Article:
A secondhand or used good is one that is being purchased by or otherwise transferred to a second or later end user. It is consider an important way to spread sustainable consumption.


A natural protein fiber produced by moths. Conventional methods can terminate the moth and cocoon in development; an alternative variation called ‘Ahimsa’ uses methods that do not harm the moth. Since it does not have the harsh dyes included in the conventional silk production method, it is also softer.

Slow Fashion

The movement of designing, creating and buying garments for quality and longevity. It encourages slower production schedules, fair wages, lower carbon footprints, and (ideally) zero waste. By adding transparency about production process and educating consumers about the craft of making clothing, slow fashion companies hope consumers will begin to understand what is required of producing a well-made garment.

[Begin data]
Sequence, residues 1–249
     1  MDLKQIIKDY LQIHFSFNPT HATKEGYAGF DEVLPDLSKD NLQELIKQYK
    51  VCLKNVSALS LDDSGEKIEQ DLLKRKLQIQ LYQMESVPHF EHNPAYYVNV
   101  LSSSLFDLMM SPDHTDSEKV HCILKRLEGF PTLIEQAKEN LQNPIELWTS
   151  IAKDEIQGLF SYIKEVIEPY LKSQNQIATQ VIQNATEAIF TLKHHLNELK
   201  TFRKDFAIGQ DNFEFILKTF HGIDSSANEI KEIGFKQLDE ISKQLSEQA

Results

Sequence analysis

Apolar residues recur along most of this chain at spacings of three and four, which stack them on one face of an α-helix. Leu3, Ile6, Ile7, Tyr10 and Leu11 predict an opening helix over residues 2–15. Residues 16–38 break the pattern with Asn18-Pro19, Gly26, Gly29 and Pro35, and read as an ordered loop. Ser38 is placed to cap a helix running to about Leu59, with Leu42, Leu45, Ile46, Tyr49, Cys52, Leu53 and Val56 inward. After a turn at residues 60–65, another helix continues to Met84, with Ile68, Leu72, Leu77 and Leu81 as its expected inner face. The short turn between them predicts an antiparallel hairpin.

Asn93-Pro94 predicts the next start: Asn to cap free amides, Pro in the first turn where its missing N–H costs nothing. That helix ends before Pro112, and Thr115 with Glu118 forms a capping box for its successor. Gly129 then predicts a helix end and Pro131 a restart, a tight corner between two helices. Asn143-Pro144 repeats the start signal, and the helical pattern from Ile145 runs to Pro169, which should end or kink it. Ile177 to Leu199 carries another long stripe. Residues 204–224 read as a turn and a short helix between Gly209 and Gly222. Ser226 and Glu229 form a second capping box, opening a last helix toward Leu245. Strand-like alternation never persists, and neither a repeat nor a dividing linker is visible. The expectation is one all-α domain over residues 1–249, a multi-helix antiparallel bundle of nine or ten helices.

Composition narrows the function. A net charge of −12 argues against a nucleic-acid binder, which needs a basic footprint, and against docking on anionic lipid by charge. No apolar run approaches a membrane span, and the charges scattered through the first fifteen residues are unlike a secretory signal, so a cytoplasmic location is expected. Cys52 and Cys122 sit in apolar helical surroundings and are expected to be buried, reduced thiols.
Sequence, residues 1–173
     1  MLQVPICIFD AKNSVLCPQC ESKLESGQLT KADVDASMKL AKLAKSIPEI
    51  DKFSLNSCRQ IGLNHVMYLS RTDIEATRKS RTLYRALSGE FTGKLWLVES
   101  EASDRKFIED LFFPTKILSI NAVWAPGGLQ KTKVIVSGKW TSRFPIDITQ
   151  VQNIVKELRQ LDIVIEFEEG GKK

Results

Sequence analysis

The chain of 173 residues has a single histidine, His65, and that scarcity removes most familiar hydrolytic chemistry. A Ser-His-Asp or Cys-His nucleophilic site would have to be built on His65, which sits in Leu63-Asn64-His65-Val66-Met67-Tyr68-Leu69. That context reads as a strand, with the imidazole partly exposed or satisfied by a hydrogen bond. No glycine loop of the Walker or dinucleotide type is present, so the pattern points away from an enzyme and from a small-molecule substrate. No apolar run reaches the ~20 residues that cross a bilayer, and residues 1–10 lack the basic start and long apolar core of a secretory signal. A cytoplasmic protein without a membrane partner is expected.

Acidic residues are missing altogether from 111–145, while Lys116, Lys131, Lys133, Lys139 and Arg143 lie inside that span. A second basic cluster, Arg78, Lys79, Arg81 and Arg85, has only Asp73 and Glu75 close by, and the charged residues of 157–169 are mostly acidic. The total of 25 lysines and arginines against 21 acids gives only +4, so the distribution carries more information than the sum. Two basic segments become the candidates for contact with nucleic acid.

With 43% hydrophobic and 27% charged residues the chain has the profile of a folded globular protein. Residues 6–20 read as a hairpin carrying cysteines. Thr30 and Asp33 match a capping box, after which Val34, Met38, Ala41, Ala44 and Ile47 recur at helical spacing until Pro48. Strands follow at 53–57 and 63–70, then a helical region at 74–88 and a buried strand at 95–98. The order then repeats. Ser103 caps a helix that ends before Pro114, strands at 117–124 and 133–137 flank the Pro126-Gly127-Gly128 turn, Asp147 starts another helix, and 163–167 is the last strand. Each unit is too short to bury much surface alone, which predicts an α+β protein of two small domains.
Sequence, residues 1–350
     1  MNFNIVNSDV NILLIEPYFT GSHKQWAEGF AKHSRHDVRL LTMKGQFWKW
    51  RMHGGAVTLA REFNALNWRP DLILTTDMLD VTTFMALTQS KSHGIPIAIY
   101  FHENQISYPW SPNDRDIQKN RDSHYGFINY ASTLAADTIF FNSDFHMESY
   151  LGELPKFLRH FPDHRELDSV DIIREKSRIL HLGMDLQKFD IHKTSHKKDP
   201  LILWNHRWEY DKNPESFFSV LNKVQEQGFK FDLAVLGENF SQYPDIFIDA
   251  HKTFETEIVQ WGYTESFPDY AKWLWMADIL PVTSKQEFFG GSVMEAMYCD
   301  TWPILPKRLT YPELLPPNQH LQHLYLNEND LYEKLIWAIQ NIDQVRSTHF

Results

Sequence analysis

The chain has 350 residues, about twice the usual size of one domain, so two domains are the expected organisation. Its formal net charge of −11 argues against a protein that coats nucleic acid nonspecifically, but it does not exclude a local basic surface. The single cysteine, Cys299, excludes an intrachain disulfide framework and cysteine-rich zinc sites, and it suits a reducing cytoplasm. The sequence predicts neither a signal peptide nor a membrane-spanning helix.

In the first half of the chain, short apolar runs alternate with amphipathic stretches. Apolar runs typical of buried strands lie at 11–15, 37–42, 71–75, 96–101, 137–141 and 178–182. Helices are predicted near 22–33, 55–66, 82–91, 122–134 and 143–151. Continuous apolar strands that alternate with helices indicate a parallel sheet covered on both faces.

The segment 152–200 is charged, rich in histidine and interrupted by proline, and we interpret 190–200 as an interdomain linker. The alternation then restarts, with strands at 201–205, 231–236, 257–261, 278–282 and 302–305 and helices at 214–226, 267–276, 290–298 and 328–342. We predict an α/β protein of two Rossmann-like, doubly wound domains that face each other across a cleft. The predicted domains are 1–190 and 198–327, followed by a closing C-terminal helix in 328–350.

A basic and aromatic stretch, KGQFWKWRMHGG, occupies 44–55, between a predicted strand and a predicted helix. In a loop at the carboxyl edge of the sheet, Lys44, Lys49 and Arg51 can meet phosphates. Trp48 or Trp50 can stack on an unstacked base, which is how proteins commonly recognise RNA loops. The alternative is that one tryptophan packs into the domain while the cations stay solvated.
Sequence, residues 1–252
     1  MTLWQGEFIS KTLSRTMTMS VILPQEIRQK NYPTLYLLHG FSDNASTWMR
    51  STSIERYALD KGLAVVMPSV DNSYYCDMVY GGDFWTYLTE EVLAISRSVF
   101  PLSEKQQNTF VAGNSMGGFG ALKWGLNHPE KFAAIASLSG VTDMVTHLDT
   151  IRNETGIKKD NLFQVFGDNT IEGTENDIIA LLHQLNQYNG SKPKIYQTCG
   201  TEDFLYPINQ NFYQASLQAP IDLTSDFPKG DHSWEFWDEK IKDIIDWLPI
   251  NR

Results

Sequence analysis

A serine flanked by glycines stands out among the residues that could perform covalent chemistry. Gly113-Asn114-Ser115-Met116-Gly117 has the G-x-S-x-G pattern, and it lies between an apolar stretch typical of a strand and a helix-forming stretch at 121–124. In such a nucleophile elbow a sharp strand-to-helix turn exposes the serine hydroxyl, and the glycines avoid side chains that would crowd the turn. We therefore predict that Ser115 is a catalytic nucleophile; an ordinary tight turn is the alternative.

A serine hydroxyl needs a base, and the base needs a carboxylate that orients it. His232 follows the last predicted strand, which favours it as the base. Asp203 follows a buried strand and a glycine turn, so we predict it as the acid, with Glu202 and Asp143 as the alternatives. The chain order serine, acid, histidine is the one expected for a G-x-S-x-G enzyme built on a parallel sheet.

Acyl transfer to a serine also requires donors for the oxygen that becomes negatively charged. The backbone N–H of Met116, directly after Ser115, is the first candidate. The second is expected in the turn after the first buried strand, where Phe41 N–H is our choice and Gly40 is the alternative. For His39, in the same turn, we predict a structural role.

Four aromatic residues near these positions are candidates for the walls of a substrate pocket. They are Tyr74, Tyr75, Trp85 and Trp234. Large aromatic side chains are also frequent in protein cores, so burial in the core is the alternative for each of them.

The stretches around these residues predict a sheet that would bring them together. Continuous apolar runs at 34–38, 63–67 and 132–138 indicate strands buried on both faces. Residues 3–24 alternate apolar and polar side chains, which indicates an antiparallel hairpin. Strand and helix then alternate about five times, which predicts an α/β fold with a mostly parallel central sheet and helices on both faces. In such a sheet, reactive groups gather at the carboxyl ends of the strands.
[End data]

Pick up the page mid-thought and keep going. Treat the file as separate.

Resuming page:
Soy fabrics are derived from the hulls of soybeans—a manufacturing byproduct. Soy fabrics can be blended or made entirely out of soy fibres. Soy clothing is largely biodegradable, so it has a minimal impact on environment and landfills. Although not as durable as cotton or hemp fabrics, soy clothing has a soft, elastic feel. Soy clothing is known as the vegetable cashmere for its light and silky sensation. Soy fabrics are moisture absorbent, anti-bacterial, and UV resistant.